SAN FRANCISCO (AP) -- An Oakland medical marijuana dispensary that bills itself as the nation's largest has won the first round in its fight to stay open amid a federal crackdown.
A California judge ruled last week that Harborside Health Center's landlord can't evict the pot shop even though the U.S. attorney for Northern California is threatening to seize her property.
Superior Court Judge Evelio Grillo says Ana Chretien's claim that Harborside must go because it is engaging in illegal activity does not hold up because state law allows nonprofits to distribute medical marijuana.
Grillo said in his ruling that he sympathized with Chretien's "difficult position."
Harborside is a spa-like fixture on Oakland's waterfront with close to 100,000 registered customers and 84 full-time employees that offers an average of 30 varieties of medical marijuana every day. With $22 million in annual sales, it pays about $3 million in federal, state and local taxes annually, according to Executive Director Steve DeAngelo.
U.S. Attorney Melinda Haag threatened in July to seize the building Chretien has rented to the dispensary since 2006, as well as Harborside's sister shop in San Jose. She cited a federal law that "makes it unlawful to rent, lease, profit from or make available for use, with or without compensation, a place for the purpose of unlawfully manufacturing, storing, distributing or using a controlled substance, to wit, marijuana," as justification for going after the landlords.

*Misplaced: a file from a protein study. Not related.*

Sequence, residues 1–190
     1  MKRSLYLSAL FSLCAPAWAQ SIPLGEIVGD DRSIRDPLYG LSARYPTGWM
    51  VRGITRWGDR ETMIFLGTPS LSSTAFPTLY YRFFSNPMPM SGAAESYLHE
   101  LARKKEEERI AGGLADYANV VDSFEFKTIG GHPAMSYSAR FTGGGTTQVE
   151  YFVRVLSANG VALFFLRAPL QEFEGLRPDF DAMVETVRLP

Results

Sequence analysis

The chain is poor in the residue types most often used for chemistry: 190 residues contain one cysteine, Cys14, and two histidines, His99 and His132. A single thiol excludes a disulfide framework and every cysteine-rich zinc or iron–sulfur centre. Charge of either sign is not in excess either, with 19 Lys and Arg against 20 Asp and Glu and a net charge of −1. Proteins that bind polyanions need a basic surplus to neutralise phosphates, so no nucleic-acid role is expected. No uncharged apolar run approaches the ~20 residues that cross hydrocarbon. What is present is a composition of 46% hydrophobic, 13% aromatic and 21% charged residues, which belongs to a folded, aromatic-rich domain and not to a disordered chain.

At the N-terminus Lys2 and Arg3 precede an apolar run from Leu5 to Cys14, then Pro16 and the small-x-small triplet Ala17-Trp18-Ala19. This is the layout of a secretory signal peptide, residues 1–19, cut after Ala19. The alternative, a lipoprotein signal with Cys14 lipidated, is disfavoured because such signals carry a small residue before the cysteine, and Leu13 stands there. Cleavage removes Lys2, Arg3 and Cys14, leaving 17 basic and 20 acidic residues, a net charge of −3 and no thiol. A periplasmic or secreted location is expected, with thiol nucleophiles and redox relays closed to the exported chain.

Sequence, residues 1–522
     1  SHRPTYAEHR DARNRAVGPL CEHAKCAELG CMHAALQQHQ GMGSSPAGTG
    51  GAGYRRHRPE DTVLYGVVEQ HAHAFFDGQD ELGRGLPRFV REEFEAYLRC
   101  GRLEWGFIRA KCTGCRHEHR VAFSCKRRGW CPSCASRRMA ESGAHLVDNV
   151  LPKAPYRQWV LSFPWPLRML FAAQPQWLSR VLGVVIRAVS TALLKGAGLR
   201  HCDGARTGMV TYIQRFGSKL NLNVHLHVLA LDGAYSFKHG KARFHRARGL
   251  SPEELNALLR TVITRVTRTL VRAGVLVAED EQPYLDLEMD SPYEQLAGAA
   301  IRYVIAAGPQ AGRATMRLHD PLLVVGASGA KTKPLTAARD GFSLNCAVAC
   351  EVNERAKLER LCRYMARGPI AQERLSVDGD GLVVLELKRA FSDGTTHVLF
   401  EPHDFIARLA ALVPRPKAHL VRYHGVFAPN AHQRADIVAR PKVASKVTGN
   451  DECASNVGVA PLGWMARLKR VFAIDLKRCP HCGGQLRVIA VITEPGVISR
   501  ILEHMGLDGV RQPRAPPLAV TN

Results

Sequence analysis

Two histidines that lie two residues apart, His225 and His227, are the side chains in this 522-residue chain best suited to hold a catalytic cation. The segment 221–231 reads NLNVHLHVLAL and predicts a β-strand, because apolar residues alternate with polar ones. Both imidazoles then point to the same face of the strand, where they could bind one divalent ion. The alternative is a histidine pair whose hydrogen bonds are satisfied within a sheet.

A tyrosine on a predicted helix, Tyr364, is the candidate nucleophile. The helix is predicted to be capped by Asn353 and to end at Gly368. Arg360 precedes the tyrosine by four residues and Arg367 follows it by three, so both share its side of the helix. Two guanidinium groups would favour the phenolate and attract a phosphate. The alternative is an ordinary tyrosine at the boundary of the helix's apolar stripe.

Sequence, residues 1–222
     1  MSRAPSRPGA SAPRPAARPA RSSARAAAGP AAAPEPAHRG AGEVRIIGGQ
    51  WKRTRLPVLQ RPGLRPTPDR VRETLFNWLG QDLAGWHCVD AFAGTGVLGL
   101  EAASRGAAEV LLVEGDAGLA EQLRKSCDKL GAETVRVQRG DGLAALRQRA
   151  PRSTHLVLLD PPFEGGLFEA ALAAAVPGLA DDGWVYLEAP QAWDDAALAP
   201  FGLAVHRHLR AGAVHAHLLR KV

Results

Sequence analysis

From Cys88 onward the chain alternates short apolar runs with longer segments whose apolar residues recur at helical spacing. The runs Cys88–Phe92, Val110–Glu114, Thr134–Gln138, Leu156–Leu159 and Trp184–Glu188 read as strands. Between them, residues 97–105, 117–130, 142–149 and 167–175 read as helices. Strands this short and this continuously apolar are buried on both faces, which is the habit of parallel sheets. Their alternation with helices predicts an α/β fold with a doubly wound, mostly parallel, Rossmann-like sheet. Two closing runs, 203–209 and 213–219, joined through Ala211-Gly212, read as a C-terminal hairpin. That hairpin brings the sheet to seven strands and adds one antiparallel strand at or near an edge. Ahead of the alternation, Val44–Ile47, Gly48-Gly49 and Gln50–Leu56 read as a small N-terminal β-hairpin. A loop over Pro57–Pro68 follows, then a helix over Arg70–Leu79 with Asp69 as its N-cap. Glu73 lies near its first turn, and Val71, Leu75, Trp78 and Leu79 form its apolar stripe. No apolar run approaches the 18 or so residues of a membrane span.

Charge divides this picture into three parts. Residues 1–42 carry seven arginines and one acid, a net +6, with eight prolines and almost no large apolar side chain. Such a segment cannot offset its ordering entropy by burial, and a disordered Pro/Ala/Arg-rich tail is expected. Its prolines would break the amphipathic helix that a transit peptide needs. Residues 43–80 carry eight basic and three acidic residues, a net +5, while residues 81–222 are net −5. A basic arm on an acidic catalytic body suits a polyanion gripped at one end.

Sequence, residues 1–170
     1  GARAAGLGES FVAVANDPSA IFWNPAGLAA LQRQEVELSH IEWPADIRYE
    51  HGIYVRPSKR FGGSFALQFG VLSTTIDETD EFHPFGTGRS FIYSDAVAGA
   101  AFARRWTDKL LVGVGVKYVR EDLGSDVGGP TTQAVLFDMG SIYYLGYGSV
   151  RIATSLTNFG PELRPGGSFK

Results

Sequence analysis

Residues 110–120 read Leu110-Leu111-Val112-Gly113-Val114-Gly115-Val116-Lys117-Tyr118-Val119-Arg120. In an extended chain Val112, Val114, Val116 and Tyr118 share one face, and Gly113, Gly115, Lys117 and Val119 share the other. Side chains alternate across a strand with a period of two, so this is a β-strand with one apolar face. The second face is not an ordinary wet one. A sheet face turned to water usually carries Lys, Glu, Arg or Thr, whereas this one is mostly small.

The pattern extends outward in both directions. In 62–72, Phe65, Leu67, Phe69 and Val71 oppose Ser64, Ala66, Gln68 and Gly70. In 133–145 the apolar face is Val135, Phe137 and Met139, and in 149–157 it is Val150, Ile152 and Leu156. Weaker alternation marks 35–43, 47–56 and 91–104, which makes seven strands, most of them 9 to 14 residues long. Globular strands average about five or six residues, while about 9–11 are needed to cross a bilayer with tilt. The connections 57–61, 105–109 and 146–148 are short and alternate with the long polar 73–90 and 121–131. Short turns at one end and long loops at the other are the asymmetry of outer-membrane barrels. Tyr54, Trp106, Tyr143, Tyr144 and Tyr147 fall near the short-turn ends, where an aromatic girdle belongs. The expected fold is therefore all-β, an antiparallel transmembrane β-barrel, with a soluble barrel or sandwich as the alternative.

A different California judge last month sided with the owner of the Concourse Business Center in San Jose, which also had sought an eviction order.
Harborside lawyer Henry Wykowski said Grillo's decision was nonetheless ground-breaking.
"Up until now, there have been court of appeals cases saying cities or government entitles cannot enforce federal law in state court," Wykowski said. "Any landlord that tries to evict a medical cannabis dispensary in California will not be able to do it now in state court."
The dispensary's victory in Oakland may be short-lived, though, despite the fact that the city has filed its own lawsuit to keep Harborside open.
Chretien has asked a federal judge to order Harborside to stop growing and selling marijuana in her building. If granted, her request would effectively put the dispensary out of business. A hearing is scheduled for Dec. 20.
She also is considering whether to appeal Grillo's decision, her lawyer, Kenneth Katzoff said Monday.
"As demonstrated by Judge Grillo's lengthy order, this is an area of California law without clear precedent," Katzoff said.
Since California's four federal prosecutors launched a coordinated crackdown on the state's medical marijuana industry last year by threatening landlords with property forfeiture actions, hundreds of pots shop have gone out of business.
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